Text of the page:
Friday, 2 November 2007
"Britz" - food for thought?
While Martyn is continuing on his pilgrimage I have fallen in front of the TV after work for the last two evenings to watch "Britz" on Channel 4. So far this year I have hardly had time to watch any TV so was amazed to find that I was able to watch a drama which was on two nights running.
Written and directed by Peter Kosminsky, Britz focused on a Muslim brother and sister, British born to Pakistani parents. The siblings are pulled in radically different directions by their reaction to life post 9/11. I know that there were many exaggerations to make points but it did make me think about the way many young Muslims may feel. As someone who would want to see herself as an activist in terms of social justice, I was challenged to see how it would be possible for a young woman who had seen her friend driven to suicide and then been persuaded that her political activism was going nowhere, to be drawn into something sinister. That is not to say that it is right, but to see that there are points when it would have been possible to influence that energy for good. Nasima begins as a medical student who campaigns against the Iraq war. Her brother, Sohail, played by Riz Ahmed, is a law student who offers for MI5 and finds himself in disbelief at times as members of his friends and family are shown to be involved in terrorism. He feels the system has worked for him and wants to pay something back to Britain. Eager to play his part he begins investigations into a terrorist cell. Their influences push them in different ways.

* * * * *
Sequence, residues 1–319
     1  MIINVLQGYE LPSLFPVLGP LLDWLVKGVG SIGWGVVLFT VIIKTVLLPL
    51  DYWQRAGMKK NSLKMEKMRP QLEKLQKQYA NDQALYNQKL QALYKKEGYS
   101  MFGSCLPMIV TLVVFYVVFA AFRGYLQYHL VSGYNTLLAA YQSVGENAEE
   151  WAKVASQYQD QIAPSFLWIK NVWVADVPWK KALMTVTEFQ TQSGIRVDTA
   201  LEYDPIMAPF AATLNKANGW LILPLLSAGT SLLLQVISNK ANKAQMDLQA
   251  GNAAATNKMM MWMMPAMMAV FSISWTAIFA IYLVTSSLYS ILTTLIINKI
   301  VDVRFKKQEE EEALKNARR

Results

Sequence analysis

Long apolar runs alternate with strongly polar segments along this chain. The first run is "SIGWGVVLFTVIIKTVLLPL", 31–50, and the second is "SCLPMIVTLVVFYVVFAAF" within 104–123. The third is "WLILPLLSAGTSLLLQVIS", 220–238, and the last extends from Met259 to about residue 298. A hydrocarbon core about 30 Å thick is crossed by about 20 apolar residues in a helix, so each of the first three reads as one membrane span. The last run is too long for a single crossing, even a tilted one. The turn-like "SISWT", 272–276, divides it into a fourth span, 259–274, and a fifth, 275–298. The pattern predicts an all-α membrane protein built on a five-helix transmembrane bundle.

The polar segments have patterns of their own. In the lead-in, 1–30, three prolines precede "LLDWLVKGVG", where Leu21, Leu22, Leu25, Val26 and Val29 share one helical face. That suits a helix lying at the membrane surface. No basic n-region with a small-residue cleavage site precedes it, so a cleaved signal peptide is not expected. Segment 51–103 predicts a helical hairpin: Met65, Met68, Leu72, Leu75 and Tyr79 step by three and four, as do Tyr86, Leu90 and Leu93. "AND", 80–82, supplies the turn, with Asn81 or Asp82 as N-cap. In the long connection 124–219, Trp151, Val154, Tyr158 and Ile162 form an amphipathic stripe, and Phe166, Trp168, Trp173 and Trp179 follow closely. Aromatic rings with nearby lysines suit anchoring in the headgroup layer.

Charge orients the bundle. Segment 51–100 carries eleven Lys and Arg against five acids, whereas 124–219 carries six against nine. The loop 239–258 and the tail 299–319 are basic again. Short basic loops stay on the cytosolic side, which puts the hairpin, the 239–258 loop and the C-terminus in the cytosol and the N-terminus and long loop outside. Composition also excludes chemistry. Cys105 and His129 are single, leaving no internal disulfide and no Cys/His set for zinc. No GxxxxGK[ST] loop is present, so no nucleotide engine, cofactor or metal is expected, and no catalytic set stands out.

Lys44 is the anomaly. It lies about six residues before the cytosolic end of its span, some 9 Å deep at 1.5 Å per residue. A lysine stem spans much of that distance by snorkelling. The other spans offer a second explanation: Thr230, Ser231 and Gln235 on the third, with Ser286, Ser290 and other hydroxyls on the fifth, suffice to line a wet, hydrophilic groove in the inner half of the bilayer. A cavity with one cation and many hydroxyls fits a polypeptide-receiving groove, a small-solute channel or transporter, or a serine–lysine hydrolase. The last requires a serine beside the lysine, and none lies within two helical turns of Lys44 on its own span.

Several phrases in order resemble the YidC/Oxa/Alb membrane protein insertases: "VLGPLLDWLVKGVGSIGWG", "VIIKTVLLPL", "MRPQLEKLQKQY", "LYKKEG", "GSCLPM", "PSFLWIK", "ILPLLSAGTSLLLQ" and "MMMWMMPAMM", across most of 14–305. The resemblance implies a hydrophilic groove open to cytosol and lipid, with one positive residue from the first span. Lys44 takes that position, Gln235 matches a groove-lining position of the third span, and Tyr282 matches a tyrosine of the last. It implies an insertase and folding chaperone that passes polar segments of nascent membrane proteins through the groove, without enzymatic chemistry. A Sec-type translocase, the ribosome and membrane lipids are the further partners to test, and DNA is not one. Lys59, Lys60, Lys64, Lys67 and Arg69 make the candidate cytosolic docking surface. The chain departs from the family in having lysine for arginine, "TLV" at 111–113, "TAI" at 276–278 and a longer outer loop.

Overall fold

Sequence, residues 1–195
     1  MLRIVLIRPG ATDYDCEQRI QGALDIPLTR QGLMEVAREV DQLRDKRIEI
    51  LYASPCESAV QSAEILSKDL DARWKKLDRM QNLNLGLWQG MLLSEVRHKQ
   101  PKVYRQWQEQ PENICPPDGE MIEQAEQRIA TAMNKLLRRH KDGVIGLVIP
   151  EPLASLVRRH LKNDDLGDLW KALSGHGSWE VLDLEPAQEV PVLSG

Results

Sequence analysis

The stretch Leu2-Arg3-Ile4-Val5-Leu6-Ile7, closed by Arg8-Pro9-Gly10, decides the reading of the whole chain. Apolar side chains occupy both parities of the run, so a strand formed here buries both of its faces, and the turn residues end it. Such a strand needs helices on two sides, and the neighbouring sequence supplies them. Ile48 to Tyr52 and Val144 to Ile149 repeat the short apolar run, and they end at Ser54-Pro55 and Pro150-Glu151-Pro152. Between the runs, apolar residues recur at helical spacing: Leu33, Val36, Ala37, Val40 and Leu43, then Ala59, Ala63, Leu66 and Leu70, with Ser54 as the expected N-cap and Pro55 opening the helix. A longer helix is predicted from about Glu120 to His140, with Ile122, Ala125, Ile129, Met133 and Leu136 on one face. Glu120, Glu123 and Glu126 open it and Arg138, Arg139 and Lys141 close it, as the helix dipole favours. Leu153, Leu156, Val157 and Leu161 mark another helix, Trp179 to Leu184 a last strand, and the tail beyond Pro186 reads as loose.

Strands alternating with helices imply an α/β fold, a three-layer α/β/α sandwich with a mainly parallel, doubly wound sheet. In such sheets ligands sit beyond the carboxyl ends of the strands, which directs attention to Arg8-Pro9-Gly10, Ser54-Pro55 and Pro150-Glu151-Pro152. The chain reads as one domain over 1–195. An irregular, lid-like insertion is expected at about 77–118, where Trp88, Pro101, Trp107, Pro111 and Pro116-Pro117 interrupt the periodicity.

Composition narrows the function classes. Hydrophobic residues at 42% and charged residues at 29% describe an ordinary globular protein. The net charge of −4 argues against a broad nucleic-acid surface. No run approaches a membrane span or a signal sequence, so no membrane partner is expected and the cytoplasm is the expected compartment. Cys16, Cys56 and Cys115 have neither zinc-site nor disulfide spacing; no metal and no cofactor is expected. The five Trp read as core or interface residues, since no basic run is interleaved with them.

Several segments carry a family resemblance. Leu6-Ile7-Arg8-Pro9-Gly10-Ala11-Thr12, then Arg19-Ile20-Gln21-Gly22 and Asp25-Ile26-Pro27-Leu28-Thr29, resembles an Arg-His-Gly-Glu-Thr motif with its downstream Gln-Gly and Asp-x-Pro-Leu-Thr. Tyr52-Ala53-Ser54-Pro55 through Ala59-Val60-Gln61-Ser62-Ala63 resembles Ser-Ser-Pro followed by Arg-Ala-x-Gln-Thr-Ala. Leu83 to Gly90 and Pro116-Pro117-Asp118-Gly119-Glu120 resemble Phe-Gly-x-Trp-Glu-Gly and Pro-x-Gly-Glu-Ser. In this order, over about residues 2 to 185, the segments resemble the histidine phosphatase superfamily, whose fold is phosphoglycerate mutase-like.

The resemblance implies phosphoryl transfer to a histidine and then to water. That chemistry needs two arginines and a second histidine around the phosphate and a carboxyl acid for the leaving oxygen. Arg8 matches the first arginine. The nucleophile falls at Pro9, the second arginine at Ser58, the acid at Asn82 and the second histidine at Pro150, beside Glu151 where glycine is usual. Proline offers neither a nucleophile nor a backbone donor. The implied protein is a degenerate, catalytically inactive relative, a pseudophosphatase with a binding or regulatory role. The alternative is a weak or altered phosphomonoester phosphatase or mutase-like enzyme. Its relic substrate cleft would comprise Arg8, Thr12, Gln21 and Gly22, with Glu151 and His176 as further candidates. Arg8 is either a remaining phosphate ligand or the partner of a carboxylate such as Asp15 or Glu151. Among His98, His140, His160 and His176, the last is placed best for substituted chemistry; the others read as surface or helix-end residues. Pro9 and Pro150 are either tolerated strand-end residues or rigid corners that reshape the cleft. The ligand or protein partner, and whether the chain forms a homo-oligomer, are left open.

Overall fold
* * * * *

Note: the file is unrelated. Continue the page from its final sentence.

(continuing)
The description of life under a control order which led to Nasima's friend committing suicide had great impact on me. I understand that only 17 such orders are in place with 9 of those for foreign nationals, so there would have had to be more to the story I think than being in possession of 6 large bags of pepper, but the points of loss of freedom were made. This pushes Nasima to listen to the radical influences she had previously rejected and ultimately to train as a suicide bomber. There are also elements of romance and family intrigue as both young people decide which things to hide from their family.
I found the storyline held me for the 4 hours and it is important to remember that these issues have many subtle layers to them. We remember Nelson Mandela, received now by heads of state, once dismissed as a terrorist. We see those in Ireland who have spoken against each other, now working together. What can we learn to avoid wasting years in that kind of conflict? The actress, Majinder Virk, who played Nasima, ended one interview by saying:- As the American writer and civil rights activist James Baldwin once said: "Not everything that is faced can be changed, but nothing can be changed until faced".
We need to be aware of the influences in our society and how they are seen and felt by different people. As a Christian I recognise that my faith is not as well thought of as it once was, that I do not have a right to be heard just because I am a Christian. That many people have been hurt by individual Christians and by Christian bodies, including the Church. However, I know that my faith has been a power of good both for many individuals and for communities and I want to find ways to offer that in ways that make sense in today's world. Food for thought indeed.